The answer to your first question is that the algorithm works on surrounding context(tokens) within a sentence; it's not just a simple lookup mechanism. OpenNLP uses maximum entropy, which is a form of multinomial logistic regression to build its model. The reason for this is to reduce "word sense ambiguity," and find entities in context. For instance, if my name is April, I can easily get confused with the month of April, and if my name is May, then I would get confused with the month of May as well as the verb may. For your second part of the first question, you could make a list of names that are known, and use those names in a program that looks at your sentences and automatically annotates them to help you create a training set, however making a list of names alone without context will not train the model sufficiently or at all. In fact, there is an OpenNLP addon called the "modelbuilder addon" designed for this: you give it a file of names, and it uses the names and some of your data (sentences) to train a model. If you are looking for particular names of generally non ambiguous entities, you may be better off just using a list and something like regex to discover names rather than NER.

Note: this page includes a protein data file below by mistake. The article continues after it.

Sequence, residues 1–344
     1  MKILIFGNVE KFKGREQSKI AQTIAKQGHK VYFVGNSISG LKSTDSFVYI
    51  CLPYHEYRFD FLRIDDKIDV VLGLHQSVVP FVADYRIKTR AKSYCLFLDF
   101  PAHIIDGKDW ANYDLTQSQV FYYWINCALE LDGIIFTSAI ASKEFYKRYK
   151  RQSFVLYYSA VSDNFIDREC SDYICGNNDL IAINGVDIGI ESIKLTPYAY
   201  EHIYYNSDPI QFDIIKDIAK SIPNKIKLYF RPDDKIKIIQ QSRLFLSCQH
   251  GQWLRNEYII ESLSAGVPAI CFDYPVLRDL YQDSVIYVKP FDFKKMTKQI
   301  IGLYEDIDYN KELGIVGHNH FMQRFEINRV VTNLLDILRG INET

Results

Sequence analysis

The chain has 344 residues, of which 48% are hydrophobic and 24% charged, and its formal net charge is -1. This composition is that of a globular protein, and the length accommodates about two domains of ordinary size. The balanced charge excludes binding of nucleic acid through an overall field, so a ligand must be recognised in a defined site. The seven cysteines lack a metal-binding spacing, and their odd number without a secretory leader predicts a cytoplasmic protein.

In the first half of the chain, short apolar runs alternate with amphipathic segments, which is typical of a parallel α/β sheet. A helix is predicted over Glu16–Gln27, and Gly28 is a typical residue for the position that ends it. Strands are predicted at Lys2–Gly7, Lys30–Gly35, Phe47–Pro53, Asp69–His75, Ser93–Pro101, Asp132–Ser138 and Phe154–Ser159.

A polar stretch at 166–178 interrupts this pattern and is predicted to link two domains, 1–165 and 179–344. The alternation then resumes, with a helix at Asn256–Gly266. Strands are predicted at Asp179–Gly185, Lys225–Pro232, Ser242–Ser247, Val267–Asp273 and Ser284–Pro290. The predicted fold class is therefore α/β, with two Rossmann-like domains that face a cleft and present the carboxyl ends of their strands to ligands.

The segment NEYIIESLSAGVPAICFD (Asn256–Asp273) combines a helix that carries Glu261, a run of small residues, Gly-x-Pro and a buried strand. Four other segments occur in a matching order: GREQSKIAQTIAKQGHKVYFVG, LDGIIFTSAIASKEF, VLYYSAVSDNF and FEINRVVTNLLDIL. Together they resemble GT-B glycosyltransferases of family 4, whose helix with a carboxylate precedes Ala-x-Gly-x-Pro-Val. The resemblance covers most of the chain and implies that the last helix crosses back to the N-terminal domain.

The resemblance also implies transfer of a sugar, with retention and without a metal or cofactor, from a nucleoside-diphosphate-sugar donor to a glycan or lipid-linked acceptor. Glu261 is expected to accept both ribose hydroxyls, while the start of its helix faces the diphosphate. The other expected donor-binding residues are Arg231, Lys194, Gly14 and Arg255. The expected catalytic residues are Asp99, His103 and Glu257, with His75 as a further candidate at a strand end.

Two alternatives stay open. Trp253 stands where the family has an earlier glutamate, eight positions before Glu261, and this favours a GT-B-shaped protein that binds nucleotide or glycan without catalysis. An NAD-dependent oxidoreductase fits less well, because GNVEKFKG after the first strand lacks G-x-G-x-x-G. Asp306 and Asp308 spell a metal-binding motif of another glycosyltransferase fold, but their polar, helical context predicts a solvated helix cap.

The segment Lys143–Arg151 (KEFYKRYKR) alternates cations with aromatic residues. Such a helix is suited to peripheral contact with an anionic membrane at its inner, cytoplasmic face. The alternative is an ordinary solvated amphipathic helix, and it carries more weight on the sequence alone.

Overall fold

As for your second question there are a few options, but in general, I don't think NER is a great tool for delineating something like gender, however with enough training sentences you may get decent results. Since NER uses a model based on surrounding tokens in your sentence training set to establish the existence of a named entity, it can't do much in terms of identifying gender. You may be better off finding all person names, then referencing an index of names that you know are male or female to get a match. Also, some names, like Pat, are both male and female, and in most textual data there will be no indication of which it is to neither human nor machine. That being said, you could create a male and female model separately, or you could create different entity types within the same model. You could use an annotation like this (using different entity type names of male.person and female.person). I've never tried this but it might do ok, you'd have to test it on your data.
<START:male.person> Pierre Vinken <END> , 61 years old , will join the board as a nonexecutive director Nov. 29 .
Mrs . <START:female.person> Maria <END> is chairman of Elsevier N.V. , the Dutch publishing group
NER= Named Entity Recognition